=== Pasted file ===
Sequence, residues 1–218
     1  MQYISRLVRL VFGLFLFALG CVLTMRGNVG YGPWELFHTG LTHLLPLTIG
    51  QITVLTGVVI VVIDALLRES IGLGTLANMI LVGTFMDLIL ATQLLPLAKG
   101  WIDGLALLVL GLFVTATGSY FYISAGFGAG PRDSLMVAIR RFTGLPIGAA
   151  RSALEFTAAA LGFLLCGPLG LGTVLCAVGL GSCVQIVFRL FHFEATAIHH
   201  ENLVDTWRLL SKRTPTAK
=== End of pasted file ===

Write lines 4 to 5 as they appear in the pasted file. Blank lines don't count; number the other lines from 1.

   101  WIDGLALLVL GLFVTATGSY FYISAGFGAG PRDSLMVAIR RFTGLPIGAA
   151  RSALEFTAAA LGFLLCGPLG LGTVLCAVGL GSCVQIVFRL FHFEATAIHH